Now, some will say the value will be determined by the markets, but as the markets fail further and further, the 'creators' ransom/tax will become essential. Great for the creator, awful for the public domain?

    Again, I have felt such a great rush sometimes writing programs to actually DO something. Solve a problem, sort a list correctly, fish through mounds of data to return cohesive Information. There is no financial incentive or encouragement necessary, sometimes I NEED TO GET SOMETHING DONE. Whether for my business or personal use.

    Sounds like this attorney likes the tollbooth in my path when I go to get creative. At exorbitant expense to me the creator. This ENSURES that only large content providers can truly be creative because they will be the only ones who can afford to create or innovate. Is that the encouragement he speaks of ? As demonstrated, the tollbooth and the related rules ARE the problem. They ARE what stiffles creativity and innovation.

     

    reply to this | link to this | view in thread ]

  6.  
    identicon
    Matt, Feb 12th, 2009 @ 9:37am

    Re: Other business models for writers

    why are you asking him to do the work for you? He has created the insight community is out there for exactly this. http://www.insightcommunity.com/

    There are tons and tons of ways to market books far beyond the book itself, and merchandise is just a subset of a way to garner a little extra.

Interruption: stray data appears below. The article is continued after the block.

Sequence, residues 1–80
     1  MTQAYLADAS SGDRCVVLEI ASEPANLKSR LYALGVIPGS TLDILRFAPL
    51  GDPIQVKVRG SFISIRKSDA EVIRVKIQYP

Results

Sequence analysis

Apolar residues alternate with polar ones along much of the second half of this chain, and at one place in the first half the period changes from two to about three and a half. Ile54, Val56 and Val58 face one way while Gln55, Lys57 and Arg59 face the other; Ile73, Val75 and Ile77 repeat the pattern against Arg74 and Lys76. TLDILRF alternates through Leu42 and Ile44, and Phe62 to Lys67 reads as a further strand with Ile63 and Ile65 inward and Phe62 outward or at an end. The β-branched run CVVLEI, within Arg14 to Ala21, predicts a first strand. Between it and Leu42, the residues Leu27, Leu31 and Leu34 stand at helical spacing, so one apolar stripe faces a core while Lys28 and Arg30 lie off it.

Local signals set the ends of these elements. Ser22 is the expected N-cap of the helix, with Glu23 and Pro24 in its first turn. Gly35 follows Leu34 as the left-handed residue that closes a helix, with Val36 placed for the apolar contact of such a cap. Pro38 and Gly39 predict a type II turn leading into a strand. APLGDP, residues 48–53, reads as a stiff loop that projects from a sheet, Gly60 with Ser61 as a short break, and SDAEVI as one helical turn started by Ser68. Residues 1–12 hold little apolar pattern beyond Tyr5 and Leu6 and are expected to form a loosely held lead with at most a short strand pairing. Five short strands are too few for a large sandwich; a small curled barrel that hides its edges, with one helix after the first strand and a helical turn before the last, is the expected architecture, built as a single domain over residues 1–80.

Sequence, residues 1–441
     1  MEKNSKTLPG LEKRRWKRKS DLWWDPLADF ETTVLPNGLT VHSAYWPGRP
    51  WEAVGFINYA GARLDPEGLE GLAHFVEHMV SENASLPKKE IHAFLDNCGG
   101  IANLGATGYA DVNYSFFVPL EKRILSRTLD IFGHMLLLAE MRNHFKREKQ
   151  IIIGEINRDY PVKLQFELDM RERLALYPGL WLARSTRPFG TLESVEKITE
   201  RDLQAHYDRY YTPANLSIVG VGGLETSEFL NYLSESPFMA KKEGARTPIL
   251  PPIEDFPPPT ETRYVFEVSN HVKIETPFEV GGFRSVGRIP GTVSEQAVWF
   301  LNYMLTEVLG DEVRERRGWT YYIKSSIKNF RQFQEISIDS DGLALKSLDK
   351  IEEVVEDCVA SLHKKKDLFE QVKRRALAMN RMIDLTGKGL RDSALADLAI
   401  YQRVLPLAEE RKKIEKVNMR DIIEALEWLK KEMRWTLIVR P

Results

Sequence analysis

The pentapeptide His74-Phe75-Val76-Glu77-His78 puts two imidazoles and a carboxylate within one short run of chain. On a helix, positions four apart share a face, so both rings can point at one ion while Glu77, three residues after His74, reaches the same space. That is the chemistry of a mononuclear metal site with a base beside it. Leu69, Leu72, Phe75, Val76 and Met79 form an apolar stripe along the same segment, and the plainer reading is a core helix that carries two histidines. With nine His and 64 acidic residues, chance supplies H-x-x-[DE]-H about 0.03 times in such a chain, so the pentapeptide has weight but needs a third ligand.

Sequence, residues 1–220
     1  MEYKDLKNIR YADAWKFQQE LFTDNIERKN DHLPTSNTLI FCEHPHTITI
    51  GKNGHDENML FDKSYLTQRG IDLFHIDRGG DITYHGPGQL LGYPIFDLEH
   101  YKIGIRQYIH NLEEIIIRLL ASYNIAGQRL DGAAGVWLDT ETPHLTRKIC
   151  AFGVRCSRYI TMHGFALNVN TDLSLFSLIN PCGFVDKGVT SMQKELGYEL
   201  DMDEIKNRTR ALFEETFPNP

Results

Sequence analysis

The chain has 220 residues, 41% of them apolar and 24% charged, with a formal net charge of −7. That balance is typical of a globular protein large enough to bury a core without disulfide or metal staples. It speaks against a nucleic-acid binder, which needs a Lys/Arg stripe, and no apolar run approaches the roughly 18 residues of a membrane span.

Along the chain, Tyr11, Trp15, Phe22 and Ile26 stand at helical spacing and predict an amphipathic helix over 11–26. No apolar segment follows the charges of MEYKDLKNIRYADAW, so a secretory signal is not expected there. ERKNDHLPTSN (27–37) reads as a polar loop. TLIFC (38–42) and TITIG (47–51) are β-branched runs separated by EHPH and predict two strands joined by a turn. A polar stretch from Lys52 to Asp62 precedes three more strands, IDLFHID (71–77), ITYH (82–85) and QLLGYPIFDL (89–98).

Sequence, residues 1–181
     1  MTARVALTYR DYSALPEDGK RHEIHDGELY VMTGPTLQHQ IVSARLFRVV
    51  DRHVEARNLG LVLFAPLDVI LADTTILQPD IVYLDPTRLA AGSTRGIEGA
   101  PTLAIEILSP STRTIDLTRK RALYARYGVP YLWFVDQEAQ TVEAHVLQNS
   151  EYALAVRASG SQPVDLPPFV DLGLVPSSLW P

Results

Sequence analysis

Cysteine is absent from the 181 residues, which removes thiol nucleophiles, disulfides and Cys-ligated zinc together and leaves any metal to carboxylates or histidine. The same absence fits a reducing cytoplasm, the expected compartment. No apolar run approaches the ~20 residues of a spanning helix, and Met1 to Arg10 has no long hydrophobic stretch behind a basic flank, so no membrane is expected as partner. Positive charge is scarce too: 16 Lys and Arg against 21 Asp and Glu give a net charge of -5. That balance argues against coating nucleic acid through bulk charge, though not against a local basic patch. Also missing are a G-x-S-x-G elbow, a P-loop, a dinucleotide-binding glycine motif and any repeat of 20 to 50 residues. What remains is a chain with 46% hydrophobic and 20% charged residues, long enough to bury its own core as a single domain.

reply to this | link to this | view in thread ]

  7.  
    identicon
    LostSailor, Feb 12th, 2009 @ 9:48am

    The Myth that Ideas Can Be Copyrighted

    All works are built on those that came before. All works are inspired by and use bits and pieces of what they've learned or what they've seen, heard and felt. Pretending that there is a true original creator who deserves credit, money or control is a problem -- because it means no new creative works could be done without getting permission.

    Let's first get right of the myth that inspiration or even using "bits" of what you've seen, heard, and felt has anything to do with copyright. It doesn't. Ideas are not copyrightable. Period. Never have been.

    However, the specific expression of an idea, unless plagiarizing, is indeed "original content" produced by an "original content creator."

    Too often around these parts the difference between an idea and a specific expression of that idea are confused. It is this difference that allows many new creative works to be produced without getting "permission" for the concepts and ideas.

     

    reply to this | link to this | view in thread ]